February 2020

Tree Planting

Determine the following:

  • Any underground or overhead services that will be badly affected by your tree.
  • When your tree is 20 years old or more how much shade will it produce. Big leaves will provide more shade, small leaves dappled shade.
  • Is your soil suitable for the tree you have chosen. Ph, depth, loam or clay etc
  • Will your tree disturb your neighbours?
  • You can plant most trees within 5 feet of your building provided you don’t have a wet crawl space or basement.


What type of soil do you have, loam, sandy, clay?

Some trees like a wet spot and some prefer a dry soil.

To determine which tree is suitable examine the conditions where you want to plant and research trees that grow in this type of environment.

  • Do you want to provide shade to your house or your property?
  • How big will it get; will adjacent trees grow faster and bigger?
  • Have you considered a Food tree?
  • Deciduous or evergreen?


  • Dig where you will least disturb the roots of other trees and place the dug soil on a tarp.
  • Dig a hole that will allow your tree to be planted at the same depth at which it grew. Place a stick across the hole to help you place the tree bowl at the correct depth.
  • Your hole should be thrice as wide as it’s depth ,to allow the roots to spread out.
  • Use mostly native soil. If you plant a tree in clay you must back fill with clay or you may be creating a swimming pool for you tree roots.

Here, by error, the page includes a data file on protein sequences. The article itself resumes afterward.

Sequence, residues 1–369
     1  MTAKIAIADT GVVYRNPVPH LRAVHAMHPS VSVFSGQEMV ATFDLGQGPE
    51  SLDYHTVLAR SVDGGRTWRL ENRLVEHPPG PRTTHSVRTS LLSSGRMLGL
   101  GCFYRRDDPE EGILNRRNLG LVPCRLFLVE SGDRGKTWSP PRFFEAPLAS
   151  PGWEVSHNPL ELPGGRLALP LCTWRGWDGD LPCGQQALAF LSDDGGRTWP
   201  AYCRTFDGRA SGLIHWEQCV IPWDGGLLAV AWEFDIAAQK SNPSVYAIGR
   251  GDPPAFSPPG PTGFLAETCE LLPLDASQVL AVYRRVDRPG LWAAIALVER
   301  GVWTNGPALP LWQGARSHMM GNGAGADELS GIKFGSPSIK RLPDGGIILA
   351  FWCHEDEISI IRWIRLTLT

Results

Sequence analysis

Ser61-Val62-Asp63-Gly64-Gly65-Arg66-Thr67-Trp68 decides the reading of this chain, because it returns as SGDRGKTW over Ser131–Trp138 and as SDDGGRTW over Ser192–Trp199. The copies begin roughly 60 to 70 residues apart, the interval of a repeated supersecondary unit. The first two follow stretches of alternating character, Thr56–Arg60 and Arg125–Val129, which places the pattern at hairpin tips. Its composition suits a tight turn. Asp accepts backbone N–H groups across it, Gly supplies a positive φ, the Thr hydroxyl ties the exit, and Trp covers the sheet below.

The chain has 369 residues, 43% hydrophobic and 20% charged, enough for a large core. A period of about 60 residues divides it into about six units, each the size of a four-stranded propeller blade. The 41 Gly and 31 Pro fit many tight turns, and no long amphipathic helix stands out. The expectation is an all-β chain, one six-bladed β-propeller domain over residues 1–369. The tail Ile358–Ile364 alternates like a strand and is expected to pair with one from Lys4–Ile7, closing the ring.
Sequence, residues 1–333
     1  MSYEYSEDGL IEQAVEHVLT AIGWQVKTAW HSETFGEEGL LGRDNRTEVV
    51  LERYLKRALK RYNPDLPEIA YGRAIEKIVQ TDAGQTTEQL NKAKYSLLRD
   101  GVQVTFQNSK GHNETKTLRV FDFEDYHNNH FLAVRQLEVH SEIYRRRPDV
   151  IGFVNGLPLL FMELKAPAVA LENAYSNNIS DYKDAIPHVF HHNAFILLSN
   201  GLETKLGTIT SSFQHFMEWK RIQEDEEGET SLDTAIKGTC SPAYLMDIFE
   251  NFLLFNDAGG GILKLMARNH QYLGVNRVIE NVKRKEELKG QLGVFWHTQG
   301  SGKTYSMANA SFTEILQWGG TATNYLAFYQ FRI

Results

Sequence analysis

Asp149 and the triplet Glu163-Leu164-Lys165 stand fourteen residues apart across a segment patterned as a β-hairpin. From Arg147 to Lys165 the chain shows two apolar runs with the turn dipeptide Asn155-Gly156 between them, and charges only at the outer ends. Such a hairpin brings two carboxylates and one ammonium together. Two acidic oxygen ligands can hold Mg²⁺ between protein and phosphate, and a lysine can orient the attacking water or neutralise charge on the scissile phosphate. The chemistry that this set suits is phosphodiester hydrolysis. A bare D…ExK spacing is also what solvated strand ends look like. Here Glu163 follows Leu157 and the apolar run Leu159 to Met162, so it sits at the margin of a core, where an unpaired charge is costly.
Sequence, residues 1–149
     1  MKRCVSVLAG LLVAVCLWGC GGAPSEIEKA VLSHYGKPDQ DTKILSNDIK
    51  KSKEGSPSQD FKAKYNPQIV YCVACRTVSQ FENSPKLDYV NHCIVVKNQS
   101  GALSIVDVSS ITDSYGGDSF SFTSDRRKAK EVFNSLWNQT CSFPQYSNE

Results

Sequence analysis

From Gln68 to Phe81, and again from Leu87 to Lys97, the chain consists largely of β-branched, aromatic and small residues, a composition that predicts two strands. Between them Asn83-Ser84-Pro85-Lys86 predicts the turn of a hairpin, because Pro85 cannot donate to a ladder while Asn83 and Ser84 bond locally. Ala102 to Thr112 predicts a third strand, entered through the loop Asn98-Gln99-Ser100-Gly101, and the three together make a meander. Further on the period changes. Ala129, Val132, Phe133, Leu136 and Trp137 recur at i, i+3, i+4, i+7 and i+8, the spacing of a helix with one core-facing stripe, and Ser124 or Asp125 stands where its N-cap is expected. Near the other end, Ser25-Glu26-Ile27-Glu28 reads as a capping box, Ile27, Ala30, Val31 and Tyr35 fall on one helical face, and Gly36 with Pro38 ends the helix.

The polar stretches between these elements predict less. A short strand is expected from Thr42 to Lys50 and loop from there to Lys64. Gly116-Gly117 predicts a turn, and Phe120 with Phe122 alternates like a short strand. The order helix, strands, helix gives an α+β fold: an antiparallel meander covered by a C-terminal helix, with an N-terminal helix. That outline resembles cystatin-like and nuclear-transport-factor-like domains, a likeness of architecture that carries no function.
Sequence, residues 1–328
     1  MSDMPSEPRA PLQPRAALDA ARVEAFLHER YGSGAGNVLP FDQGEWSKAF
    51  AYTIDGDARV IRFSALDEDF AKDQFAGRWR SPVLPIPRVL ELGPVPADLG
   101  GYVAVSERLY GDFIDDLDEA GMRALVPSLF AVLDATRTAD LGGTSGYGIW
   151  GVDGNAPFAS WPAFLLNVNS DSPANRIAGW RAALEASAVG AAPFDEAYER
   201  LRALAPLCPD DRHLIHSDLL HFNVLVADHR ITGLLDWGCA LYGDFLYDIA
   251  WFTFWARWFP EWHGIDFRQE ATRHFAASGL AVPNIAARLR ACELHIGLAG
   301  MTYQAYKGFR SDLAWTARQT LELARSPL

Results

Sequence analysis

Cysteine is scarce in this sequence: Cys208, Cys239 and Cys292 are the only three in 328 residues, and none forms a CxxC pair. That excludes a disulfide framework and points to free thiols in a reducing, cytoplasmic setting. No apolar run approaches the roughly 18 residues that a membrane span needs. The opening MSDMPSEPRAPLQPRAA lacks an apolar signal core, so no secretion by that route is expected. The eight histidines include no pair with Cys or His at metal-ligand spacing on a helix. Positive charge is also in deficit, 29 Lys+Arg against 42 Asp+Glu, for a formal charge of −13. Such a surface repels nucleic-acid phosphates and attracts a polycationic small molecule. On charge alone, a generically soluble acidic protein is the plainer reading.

• Put stakes on two sides of your tree before you backfill.
  • Check from all sides to see if you have placed the tree upright. As you are filling keep checking.
  • Half fill your hole with water to see how quickly it drains. If it takes a long time to drain make sure you are plating a tree that likes its roots wet (like a willow).
  • Remove the tree from its pot or wrapping trim the exposed roots and spread them.
  • Backfill a little then water some then backfill a little more then backfill and so on. Backfill to the level of the surrounding soil.
  • Gently tamp the soil around the newly planted tree with your foot to reduce air pockets around the roots.
  • Mulch with leaves, or suitable organic material, forming a watering ring around the tree.
  • Water thoroughly at a slow rate for approximately one hour.
  • Tie your tree to the stakes with material that will not fit tightly to the tree trunk.
  • Place a protective sleeve around the base of the tree trunk.
  • Water weekly in the summer months unless you have planted in a low area that easily collects water.


  • Your tree will arrive in a dormant state without soil and must be planted as soon as possible.
  • Remove any paper stuck to the tree roots then soak the roots for one or two hours before planting.
  • If you have a fruit tree,with a grafted root, plant so the graft (bump in the lower trunk) is 2” above the surrounding soil.
  • Plant as explained above for a potted tree, except put a hill of some loose soil in the bottom of your hole and spread the roots over it.

    • Water for the first two years in the summer months and in droughts.
    • Clip away damaged or diseased branches close to the trunk.
    • Watch for infestations of pests that you type of tree is susceptible to.
    • If you need to trim your tree back do not cut any more than a quarter of its branches a year. Trimming should be limited to fall and winter months.
    • Look for cracked trunks. This can happen in the winter when one side of the tree is getting a lot of sun.
    • If you tree is carrying a heavy load of ice or snow try to remove the burden as soon as possible . Leaving ice or snow on boughs can permanently damage the form of your tree.
    • Do not rake up leaves in the fall , leaves provide nourishment for your tree and habitat for a lot of wildlife.